Review: Boat People, at Pentameters Theatre
Topical play written by former lawyer features court drama after veteran sea captain's decision to rescue migrants
23 February, 2018 — By Billy Manning
IN the wonderfully offbeat hidden gem that is Pentameters Theatre, a performance feels like a mysterious present waiting to be unwrapped.
In Boat People, by new writer Emma Park, we meet Captain Papangelos, a Greek master of a cargo ship who has been sailing for over 30 years when he encounters a boatload of migrants in rough seas.
The court case stemming from his choice to take them on board his own ship is the setting for former lawyer Park’s play, which explores highly topical moral and political questions: what are our responsibilities to others in need? And how much can they ask of us?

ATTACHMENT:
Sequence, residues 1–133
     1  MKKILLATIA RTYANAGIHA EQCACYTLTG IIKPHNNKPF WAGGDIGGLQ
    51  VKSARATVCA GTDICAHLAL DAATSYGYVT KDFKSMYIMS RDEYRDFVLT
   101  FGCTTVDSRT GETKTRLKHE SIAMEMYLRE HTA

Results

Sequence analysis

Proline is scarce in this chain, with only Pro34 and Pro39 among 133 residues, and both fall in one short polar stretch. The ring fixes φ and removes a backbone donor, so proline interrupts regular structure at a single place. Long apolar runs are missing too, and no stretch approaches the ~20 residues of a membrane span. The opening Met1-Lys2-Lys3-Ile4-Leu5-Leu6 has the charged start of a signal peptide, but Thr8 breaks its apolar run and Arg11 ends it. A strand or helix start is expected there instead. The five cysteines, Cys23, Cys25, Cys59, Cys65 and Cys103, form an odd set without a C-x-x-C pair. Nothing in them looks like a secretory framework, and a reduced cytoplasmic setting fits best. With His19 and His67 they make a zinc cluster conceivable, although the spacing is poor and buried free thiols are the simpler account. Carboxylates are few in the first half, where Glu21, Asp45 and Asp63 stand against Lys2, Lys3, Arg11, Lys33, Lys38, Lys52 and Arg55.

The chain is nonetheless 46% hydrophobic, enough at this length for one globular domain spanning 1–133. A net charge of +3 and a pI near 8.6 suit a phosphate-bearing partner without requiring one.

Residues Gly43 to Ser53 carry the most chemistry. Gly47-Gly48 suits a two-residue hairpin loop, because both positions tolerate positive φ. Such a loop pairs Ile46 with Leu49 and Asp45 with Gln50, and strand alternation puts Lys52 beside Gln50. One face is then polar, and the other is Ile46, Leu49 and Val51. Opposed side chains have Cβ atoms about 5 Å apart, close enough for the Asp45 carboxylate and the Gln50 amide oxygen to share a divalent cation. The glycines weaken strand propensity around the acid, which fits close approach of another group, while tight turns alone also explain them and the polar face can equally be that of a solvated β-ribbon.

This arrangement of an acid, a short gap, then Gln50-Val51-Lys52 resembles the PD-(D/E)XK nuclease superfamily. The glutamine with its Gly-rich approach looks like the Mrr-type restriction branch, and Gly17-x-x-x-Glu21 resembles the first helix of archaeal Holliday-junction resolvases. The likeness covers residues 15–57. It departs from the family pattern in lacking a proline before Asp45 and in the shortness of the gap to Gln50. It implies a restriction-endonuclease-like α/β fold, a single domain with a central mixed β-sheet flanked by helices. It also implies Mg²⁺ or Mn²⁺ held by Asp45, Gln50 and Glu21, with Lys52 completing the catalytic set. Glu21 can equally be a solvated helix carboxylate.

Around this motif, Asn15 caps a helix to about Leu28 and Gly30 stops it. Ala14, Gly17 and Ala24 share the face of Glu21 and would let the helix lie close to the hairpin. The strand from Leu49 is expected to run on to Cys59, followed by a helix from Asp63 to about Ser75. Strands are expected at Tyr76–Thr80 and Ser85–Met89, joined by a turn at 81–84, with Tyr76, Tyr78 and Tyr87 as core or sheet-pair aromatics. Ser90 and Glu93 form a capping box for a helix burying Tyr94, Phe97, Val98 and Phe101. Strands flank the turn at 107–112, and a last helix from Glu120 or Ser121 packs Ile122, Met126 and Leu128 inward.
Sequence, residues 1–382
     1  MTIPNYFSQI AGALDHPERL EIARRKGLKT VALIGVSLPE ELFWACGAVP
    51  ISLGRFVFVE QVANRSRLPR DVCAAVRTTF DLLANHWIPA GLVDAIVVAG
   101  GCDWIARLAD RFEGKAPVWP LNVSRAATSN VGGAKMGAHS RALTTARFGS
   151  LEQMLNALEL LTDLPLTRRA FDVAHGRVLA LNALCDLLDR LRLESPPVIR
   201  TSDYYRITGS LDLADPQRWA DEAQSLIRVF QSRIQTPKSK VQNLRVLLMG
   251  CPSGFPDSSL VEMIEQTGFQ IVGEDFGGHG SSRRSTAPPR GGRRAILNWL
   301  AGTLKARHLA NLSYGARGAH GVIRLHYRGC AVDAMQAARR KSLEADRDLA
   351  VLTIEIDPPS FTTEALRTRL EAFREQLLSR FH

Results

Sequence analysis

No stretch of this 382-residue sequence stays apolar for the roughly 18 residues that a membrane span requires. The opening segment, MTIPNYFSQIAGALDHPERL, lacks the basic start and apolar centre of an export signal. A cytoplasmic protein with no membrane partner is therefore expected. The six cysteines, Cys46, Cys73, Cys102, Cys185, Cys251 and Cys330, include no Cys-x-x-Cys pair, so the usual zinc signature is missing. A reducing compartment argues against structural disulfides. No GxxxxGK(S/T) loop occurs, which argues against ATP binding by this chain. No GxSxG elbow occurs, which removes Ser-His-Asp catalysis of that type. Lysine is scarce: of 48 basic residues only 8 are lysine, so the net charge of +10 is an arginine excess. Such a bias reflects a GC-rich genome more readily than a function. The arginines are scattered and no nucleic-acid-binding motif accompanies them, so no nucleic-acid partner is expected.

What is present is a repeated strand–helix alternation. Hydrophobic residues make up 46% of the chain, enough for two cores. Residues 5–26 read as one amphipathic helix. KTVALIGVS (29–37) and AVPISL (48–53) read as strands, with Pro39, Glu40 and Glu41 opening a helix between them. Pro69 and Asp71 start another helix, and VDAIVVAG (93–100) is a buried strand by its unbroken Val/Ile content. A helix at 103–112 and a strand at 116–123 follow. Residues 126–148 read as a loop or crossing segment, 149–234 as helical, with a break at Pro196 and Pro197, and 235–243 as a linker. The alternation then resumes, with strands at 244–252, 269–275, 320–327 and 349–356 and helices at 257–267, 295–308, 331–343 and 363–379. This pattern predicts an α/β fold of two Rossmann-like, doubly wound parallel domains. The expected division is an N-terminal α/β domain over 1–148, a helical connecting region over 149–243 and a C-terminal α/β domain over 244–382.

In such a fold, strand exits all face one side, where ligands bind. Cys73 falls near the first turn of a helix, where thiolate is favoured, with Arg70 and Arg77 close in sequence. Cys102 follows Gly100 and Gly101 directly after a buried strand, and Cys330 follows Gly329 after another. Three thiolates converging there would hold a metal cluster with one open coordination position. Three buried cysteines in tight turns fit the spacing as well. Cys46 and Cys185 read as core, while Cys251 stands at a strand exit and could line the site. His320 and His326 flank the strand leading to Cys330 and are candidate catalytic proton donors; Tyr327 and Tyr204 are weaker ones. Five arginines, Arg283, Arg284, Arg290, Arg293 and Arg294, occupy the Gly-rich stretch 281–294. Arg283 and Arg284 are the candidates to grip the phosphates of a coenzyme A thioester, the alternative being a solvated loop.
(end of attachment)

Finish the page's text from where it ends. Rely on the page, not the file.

Giorgio Galassi gives an impassioned performance as the strongly moral Captain Papangelos. It would have been nice to see more development of the character of Miss Bradstock, played with zest by Christine Lohr.
The mystery of the fate of a certain migrant is also unravelled too quickly; more exploration of these factors would prolong the tension. At times it seemed that a desire to uphold the realities of the court setting impacted on theatrical effect; exemplified in the presence of two non-speaking characters.
The dilemma at the heart of the play is very thought-provoking and leaves even those who may have thought their moral position immutable at the play’s start reconsidering the other side of the story, but there is still room to expand on the issues.
At present the play is still a raindrop that needs to grow into a wave, something this piece of writing would suggest Park is certainly capable of.
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